If you can’t measure it, you can’t manage it – especially if “it” is greenhouse gases, such as carbon dioxide, produced by building construction and operations.
Data from the U.S. Department of Energy’s Energy Information Agency shows that the built environment produces about 50 percent of the nation’s manmade carbon dioxide emissions; motor vehicles are responsible for less than 30 percent. While scientists have learned much about the carbon footprint generated by buildings over their lifecycle, this knowledge has yet to find its way into the hands of the architects, engineers, facility managers and builders who can modify that footprint.
Researchers at Colorado State University have been awarded a $600,000 grant from the National Science Foundation to develop measurement and assessment tools to be integrated with existing architectural design software and building material databases to provide real-time, “on-the-fly” carbon footprint metrics.
The concept for a Carbon Footprint Metric (CFM) system for the built environment was developed as part of a Global Challenges Research Team in the interdisciplinary School of Global Environmental Sustainability, or SoGES, at CSU. Peter Means, a graduate student, first suggested the CFM effort as a cross-disciplinary activity, based on his research on modular construction conducted under the supervision of Mary Nobe in the CSU Department of Construction Management.
Several faculty members participated in the SoGES team and developed the proposal submitted to NSF, including Keith Paustian, Department of Soil and Crop Sciences; Chuck Anderson and Robert France, Department of Computer Science; Angela Guggemos, Department of Construction Management; Thomas Bradley, Department of Mechanical Engineering; Carol Dollard, CSU Facilities Management; Brian Dunbar, Executive Director of the Institute for the Built Environment in the College of Health and Human Sciences; and Alberta Carpenter and Luigi Polese of the National Renewal Energy Laboratory.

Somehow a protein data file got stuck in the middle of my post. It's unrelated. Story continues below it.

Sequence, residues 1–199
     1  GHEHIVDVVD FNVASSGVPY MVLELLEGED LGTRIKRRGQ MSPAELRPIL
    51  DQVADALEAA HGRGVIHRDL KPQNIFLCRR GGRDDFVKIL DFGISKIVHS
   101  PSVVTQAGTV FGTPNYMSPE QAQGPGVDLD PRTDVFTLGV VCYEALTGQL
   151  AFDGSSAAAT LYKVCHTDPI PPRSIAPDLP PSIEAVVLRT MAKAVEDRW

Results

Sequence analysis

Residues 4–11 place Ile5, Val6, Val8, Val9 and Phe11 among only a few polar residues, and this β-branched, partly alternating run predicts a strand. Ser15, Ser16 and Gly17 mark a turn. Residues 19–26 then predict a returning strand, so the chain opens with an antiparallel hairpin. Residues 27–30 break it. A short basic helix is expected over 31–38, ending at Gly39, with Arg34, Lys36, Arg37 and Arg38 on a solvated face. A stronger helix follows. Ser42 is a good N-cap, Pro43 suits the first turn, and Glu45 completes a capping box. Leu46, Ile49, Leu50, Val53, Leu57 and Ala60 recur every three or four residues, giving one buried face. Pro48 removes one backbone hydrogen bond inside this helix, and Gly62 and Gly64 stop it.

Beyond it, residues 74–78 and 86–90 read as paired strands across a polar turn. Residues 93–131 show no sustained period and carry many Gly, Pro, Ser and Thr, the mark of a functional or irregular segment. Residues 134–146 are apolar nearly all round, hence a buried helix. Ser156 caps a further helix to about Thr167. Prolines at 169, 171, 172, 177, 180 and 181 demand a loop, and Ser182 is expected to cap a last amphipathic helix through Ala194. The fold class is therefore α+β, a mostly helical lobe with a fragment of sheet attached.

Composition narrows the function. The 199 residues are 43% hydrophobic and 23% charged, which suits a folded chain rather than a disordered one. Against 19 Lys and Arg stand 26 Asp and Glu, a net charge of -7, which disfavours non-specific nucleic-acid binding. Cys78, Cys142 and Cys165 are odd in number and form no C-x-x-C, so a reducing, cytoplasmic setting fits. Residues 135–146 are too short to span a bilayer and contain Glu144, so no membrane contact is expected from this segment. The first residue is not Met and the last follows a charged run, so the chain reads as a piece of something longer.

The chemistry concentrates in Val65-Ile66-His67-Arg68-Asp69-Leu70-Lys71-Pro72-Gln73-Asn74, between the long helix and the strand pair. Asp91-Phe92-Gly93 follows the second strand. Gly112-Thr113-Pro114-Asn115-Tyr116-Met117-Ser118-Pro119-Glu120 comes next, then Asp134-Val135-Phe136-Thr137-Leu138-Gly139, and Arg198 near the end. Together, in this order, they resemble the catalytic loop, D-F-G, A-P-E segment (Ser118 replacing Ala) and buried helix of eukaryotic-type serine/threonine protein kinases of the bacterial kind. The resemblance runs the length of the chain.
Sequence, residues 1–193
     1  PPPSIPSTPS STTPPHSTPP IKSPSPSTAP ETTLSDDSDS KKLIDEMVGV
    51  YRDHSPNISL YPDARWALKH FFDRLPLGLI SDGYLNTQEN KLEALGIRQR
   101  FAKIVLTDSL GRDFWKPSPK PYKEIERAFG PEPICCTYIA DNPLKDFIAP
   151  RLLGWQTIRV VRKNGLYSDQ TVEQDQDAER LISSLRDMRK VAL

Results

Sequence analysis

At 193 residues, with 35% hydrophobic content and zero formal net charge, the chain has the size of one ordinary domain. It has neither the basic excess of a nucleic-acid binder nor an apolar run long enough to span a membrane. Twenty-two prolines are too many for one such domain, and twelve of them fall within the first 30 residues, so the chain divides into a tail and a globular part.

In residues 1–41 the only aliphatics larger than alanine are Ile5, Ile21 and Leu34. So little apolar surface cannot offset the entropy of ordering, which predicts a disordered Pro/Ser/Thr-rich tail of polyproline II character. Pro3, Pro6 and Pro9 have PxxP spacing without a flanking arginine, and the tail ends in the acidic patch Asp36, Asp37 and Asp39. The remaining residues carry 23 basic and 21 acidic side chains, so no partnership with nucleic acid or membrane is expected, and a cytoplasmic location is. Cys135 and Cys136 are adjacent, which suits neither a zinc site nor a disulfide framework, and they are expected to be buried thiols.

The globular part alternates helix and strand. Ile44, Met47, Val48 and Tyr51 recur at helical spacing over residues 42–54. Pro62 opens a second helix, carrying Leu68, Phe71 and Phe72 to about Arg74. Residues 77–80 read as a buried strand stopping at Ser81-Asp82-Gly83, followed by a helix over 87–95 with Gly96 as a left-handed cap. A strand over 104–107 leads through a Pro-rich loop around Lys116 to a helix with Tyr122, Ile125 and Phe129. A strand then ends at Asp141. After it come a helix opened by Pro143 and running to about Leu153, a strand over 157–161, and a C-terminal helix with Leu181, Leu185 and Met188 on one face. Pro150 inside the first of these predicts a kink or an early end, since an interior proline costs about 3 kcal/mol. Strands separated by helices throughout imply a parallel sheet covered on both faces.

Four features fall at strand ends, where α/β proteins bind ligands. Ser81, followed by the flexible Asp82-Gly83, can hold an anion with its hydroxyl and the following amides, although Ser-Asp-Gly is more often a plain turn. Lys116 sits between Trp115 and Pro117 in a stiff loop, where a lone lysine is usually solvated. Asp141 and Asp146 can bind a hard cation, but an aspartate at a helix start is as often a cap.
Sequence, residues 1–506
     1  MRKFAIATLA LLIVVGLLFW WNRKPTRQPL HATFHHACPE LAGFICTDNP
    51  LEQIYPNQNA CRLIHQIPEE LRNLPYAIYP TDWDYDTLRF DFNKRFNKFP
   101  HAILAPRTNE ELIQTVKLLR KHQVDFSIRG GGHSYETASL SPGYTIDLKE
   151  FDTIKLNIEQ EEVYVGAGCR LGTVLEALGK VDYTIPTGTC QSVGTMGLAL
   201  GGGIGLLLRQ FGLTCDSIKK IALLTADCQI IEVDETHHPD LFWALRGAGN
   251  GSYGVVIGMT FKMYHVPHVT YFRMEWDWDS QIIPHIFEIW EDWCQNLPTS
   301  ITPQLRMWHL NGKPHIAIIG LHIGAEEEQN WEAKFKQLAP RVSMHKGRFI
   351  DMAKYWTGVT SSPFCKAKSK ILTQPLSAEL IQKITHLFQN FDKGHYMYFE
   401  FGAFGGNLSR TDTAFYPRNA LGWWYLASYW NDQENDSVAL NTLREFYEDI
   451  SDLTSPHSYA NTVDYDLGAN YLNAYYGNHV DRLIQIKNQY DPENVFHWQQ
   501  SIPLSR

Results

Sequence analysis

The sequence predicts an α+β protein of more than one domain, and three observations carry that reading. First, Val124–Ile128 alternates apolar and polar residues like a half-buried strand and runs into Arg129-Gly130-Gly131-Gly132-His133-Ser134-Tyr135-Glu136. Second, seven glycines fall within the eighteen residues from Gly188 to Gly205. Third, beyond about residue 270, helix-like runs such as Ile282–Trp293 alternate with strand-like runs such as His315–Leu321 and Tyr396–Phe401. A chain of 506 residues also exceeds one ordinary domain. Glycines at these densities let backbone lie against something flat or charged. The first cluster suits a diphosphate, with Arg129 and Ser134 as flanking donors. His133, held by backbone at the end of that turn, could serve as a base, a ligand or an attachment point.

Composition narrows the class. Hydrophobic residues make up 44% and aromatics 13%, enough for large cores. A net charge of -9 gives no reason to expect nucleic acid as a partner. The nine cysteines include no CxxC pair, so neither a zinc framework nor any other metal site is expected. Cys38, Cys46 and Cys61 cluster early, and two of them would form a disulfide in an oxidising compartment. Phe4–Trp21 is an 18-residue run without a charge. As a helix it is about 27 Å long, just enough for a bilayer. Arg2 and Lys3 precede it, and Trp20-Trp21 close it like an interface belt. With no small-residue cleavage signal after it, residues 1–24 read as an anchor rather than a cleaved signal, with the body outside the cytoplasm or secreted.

The CFM research will involve students and faculty in various departments in the CSU Colleges of Agricultural Sciences, Engineering, Health and Human Sciences and Natural Sciences over the two-year life of the grant.
“When it comes to reducing greenhouse gas emissions, a key element to changing behavior on the part of both building professionals and consumers is better environmental impact measurement systems,” explained Paustian, the project director. “Our ultimate goal is to develop a system that measures emissions for the entire building lifecycle, from design to decommissioning. The system will need to be readily accessible to architects and builders, easy to understand and use, and conforming to existing environmental management systems.”
From research to design tool
In the built environment, emission sources include all the steps in producing and transporting building materials; building construction; building operation and maintenance, such as HVAC systems and landscaping; and activities involved in building turnover, disposal and recycling.
The CSU research will consist of comprehensive Life Cycle Assessments from design through construction of three progressively more complex buildings: a cutting-edge modular residential building designed by Living Homes in Los Angeles; a CSU university classroom and laboratory building in Fort Collins designed by Neenan Co.; and an industrial building – the New Belgium brewery in Asheville, N.C.
“From this research, we will create a CFM system prototype,” Paustian said. “Once validated for each class of building, the CFM system will permit design and construction practitioners to evaluate and alter building designs in order to reduce greenhouse gas emissions over the life of the building.”
The CFM system will allow those working in the Architecture, Engineering and Construction (AEC) industry to create an integrated design for a “net zero” greenhouse-gas built environment. The project has been endorsed by the American Institute of Architects, the U.S. Green Building Council, the National Institute for Building Science, the Rocky Mountain Institute and Architecture 2030.
“Less attention has been given to buildings as a major source of greenhouse gases, partially because it requires multiple disciplines to synthesize knowledge and develop a useful tool,” said Diana Wall, director of SoGES and a CSU University Distinguished Professor. “Congratulations to this research team for addressing this challenge – we look forward to helping achieve this goal.”
Source: Colorado State University